Goldfish and Aquarium Board Articles
Goldfish Internal Anatomy
By Betty

The more we understand about the anatomy and physiology of goldfish, the better we can be at keeping them healthy and treating them when they get sick. The pictures in this article were taken as I was performing a necropsy on my fancy goldfish Lumpy. Lumpy was around 3 years old and had lived through six months of us being clueless before we came online and learned about water quality and stocking. Lumpy gradually lost her buoyancy over time and became a bottom dweller the last year of her life. She also had problems with foods containing grains and tended to have floaty poop and couldn't stay upright when fed those foods. After she died, I wanted to see if we could figure out what happened, so I performed a necropsy.

Warning... The pictures that follow are graphic.

Here is Lumpy laid out after she died. She was close to 10 inches long from nose to tail. her body was about five inches long. The white area on her belly is from friction from the harness I had him in to keep him upright. There is some redness that I thought was from the rubbing, however this could also have been from septicemia.

This picture shows the organs in her abdominal cavity. You can see the body wall covered by peritoneum that is folded back so we can see her organs. Her swim bladder, located at the top of her abdominal cavity, has two lobes--The cranial lobe closer to her head and the caudal lobe, closer to her tail. Both appear smaller than they should be, especially the caudal lobe. Richard Carlson (REC) from Koivet believes that the thickness of the body wall near the caudal peduncle restricted growth/inflation of Lumpy's swim bladder.

Per REC: "The caudal kidney is nestled between the lobes of the swim bladder on the top side. This is the first place we look when we do a post mort and get inside as it is this kidney that filters out the really bad stuff. Typically in dropsy cases this kidney will be badly affected and a biopsy and culture may show us the proximate cause of the dropsy symptoms. The cranial kidney is located to bottom-front of the cranial swim bladder. It is directly connected to and in close proximity to the gills."

The ovaries run along the middle of the abdominal cavity and produce eggs. The gastrointestional tract (GI tract) takes up the lower portion of the abdominal cavity.

This picture shows another view of the internal organs with the ovary moved out of the way. You can see the gall bladder and the other ovary.

The intestines are connected by the mesentary which provides support to the intestines along with blood vessles and nerves and the liver. The liver tends to be a large organ that intertwines with intestines. The thick serosanguinous fluid in the body cavity may also be an indicator of an internal bacterial infection.

I resected the intestine at the anal vent and moved the GI tract out of the way which exposed the gall bladder.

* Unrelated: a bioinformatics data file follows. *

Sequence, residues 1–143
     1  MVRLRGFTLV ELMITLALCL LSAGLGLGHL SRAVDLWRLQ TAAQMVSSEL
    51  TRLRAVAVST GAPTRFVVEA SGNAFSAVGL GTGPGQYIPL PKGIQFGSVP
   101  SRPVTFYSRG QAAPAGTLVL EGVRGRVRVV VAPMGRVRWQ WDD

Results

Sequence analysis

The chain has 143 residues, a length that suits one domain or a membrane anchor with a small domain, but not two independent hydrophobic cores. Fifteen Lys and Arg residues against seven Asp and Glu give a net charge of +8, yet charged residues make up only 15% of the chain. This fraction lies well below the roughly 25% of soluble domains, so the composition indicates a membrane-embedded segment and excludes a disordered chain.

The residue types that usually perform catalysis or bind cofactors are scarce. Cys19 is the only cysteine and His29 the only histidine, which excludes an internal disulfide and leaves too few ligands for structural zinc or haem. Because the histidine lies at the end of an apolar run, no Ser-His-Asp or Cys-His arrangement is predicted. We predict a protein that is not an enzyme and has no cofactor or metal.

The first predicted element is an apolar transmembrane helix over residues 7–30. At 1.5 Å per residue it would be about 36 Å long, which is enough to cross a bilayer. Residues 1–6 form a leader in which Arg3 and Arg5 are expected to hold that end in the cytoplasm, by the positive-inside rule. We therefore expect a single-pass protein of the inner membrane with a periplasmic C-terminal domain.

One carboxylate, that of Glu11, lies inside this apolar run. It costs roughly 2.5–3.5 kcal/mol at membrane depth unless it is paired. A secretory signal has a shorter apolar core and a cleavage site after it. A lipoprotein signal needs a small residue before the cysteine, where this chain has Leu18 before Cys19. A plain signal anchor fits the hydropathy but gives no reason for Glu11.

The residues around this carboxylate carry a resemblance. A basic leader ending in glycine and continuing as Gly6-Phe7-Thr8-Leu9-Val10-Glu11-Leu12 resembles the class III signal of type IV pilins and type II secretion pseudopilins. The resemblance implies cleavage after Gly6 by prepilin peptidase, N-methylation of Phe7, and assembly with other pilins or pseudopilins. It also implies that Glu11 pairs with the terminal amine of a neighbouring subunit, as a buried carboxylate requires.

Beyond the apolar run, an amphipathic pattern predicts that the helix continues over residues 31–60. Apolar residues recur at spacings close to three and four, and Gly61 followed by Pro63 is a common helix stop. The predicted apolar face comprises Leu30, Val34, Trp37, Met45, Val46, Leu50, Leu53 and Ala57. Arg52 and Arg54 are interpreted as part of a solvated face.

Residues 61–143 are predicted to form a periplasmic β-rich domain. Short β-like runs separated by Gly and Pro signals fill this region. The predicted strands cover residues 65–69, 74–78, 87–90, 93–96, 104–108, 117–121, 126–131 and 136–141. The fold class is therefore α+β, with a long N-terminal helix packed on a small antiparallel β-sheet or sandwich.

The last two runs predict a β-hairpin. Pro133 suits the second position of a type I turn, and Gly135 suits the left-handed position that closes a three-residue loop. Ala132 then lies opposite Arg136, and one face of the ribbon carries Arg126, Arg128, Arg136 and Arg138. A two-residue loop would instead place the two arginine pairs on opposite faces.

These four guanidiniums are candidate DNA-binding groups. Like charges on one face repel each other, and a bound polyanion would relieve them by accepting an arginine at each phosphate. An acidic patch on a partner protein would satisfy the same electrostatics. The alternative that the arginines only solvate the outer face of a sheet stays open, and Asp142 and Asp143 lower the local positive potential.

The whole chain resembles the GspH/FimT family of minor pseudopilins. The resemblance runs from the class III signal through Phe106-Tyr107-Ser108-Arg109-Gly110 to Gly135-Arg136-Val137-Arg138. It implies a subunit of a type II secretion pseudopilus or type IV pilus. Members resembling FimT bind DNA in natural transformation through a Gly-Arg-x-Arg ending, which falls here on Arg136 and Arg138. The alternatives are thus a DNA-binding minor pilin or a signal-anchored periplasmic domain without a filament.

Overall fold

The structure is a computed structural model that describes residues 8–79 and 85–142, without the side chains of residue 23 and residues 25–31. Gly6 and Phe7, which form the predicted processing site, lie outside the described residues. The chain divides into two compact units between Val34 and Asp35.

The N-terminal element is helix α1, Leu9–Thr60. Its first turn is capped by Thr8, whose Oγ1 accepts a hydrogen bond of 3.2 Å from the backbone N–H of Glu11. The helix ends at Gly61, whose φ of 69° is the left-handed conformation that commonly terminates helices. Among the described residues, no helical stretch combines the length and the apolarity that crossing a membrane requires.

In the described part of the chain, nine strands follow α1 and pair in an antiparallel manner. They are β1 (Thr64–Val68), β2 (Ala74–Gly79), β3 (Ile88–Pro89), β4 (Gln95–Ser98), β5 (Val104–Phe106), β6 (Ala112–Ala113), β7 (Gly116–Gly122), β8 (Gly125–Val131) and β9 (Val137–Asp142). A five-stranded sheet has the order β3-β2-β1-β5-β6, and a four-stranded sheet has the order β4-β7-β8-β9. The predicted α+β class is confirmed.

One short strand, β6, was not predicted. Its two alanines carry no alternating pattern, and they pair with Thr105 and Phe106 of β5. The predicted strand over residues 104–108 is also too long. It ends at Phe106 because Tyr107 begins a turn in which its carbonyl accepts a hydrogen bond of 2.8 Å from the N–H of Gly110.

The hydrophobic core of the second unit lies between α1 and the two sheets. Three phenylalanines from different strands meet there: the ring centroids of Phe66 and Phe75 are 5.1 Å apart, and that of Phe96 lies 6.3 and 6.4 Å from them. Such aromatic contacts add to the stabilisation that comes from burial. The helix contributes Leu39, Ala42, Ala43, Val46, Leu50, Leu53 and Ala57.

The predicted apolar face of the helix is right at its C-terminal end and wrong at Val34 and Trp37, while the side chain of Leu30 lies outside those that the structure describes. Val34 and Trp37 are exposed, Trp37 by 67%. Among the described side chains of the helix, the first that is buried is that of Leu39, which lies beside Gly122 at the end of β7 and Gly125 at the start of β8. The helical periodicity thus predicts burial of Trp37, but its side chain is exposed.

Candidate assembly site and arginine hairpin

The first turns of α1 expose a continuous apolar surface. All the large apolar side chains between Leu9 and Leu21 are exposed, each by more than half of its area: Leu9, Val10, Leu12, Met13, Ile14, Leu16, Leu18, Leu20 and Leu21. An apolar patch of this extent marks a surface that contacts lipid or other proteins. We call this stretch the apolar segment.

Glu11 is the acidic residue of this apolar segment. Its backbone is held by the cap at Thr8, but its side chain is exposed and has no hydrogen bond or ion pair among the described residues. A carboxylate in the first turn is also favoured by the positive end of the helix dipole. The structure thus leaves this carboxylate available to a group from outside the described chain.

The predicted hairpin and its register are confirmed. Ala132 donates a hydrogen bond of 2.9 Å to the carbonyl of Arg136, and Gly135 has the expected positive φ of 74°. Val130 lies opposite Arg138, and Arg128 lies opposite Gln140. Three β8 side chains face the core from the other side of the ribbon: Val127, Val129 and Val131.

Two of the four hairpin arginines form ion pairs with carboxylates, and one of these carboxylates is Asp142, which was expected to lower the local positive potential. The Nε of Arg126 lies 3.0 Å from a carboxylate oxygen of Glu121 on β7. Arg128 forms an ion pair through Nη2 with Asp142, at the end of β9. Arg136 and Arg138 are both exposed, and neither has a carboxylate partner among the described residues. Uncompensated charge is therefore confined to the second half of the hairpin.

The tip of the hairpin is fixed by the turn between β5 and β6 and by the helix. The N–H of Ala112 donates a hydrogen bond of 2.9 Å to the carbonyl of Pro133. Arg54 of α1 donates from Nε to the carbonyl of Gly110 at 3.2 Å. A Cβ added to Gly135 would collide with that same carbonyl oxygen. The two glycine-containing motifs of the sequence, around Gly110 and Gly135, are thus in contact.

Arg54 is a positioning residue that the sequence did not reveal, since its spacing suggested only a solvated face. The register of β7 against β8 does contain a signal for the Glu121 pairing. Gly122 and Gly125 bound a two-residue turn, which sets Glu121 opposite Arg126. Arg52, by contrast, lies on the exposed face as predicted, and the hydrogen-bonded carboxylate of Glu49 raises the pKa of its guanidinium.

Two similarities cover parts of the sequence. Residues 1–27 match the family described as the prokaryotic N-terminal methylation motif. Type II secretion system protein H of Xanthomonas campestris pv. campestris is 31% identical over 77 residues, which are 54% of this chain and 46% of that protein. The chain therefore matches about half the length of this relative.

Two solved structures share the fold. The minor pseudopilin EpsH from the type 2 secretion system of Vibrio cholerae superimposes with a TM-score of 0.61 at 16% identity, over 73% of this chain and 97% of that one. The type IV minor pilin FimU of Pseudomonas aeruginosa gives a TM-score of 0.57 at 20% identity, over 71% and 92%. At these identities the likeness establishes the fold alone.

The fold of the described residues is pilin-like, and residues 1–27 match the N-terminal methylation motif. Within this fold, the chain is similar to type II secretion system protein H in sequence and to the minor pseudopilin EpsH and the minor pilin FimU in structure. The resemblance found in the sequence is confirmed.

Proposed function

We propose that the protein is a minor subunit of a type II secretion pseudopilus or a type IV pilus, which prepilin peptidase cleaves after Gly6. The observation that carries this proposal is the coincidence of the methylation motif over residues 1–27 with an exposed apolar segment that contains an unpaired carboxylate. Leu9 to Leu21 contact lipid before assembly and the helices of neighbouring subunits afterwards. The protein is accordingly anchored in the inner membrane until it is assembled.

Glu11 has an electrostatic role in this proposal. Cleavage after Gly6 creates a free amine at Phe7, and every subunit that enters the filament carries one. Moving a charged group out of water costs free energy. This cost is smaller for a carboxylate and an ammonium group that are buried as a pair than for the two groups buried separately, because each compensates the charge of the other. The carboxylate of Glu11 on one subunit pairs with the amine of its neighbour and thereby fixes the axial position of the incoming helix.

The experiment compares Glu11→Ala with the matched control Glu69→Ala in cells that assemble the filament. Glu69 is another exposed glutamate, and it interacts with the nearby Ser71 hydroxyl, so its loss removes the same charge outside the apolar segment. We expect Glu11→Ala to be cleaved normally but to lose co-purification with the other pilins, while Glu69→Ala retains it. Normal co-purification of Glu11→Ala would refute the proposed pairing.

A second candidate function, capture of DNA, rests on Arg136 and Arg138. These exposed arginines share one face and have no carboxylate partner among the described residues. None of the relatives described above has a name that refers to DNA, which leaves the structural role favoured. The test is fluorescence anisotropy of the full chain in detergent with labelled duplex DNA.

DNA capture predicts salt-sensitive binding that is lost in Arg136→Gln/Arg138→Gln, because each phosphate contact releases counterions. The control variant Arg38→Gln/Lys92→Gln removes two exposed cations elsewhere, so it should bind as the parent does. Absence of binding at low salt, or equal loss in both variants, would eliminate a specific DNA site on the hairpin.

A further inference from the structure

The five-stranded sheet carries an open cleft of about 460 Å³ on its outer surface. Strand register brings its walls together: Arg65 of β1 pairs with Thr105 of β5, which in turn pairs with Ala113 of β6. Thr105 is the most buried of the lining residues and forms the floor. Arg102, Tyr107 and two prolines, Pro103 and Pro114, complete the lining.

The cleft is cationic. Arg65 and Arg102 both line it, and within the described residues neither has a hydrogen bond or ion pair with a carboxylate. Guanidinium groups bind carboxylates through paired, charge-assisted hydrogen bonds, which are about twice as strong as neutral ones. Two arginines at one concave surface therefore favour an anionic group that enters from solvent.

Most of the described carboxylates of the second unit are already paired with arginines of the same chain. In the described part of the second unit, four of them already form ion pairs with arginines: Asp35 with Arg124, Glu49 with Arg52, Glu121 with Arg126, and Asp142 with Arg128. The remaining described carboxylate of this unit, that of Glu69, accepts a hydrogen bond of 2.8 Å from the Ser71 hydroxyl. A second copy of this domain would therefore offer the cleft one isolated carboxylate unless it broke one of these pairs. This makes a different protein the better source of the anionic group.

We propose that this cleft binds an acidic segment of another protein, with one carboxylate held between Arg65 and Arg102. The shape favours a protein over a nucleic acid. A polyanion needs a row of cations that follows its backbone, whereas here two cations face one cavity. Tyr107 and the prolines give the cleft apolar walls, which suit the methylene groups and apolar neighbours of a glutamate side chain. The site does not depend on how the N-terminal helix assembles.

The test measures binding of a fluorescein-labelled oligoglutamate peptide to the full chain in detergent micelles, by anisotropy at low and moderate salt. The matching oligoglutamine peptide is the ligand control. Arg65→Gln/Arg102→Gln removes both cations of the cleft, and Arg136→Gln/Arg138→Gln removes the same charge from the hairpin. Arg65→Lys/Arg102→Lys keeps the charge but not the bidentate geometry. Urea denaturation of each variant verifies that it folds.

The ovaries are around two inches long, the frontal lobe of the swim bladder is around an inch and a quarter long and the caudal lobe is perhaps an inch long.

This picture shows Lumpy's heart and GI tract. Per REC: "The heart is actually two pieces.. the heart itself, a two-chambered organ and the arterosis bulbous (the white part attached to the heart). The arterosis bulbous is an elastic organ and controls the blood pressure of the fish. The arterosis bulbous is located between the heart and gills and pushes blood to the gills. The heart appears normal." The GI tract remained coiled up because the mesentary and liver are still attached.

This picture shows that Lumpy's GI tract was around 15 inches long uncoiled.

Fancy goldfish don't have a stomach like ours, it's more like an enlarged continuation of the intestine.

In Lumpy's case, The front part of the GI tract was around one half inch across and around three inches long. The green fluid is bile which leaked from the gall bladder. Bile is released into the intestine and digest fats in the diet.
This picture shows one of Lumpy's gills. You can see the gill arch and filaments. Lumpy's gills looks pale in this picture suggesting liver or kidney failure. If the gills had been spotty and pale, that would have indicated bacterial gill disease and/or parasite damage (Per REC).
This picture shows the inside of Lumpy's oral cavity. You can see the pharyngeal tooth that is used to grind up food. The thickened areas on either side of the tooth are the muscles used for chewing and are used to squeeze water out of the food before swallowing.

I would like to thank REC from Koivet for providing his expertise in analyzing the information from Lumpy's necropsy and for providing feedback on this article. Thanks also go out to Dr Helen Roberts and Dr Greg Lewbart for providing feedback on this article.

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